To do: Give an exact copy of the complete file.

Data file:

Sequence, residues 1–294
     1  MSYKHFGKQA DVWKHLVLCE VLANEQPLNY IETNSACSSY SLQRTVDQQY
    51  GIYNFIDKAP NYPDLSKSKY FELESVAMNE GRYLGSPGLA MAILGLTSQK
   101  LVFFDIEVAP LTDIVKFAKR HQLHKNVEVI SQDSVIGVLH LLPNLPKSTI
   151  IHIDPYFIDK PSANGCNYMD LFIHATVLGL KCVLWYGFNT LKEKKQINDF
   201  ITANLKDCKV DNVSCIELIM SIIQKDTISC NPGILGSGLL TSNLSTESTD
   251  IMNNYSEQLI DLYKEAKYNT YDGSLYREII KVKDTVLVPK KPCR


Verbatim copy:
Sequence, residues 1–294
     1  MSYKHFGKQA DVWKHLVLCE VLANEQPLNY IETNSACSSY SLQRTVDQQY
    51  GIYNFIDKAP NYPDLSKSKY FELESVAMNE GRYLGSPGLA MAILGLTSQK
   101  LVFFDIEVAP LTDIVKFAKR HQLHKNVEVI SQDSVIGVLH LLPNLPKSTI
   151  IHIDPYFIDK PSANGCNYMD LFIHATVLGL KCVLWYGFNT LKEKKQINDF
   201  ITANLKDCKV DNVSCIELIM SIIQKDTISC NPGILGSGLL TSNLSTESTD
   251  IMNNYSEQLI DLYKEAKYNT YDGSLYREII KVKDTVLVPK KPCR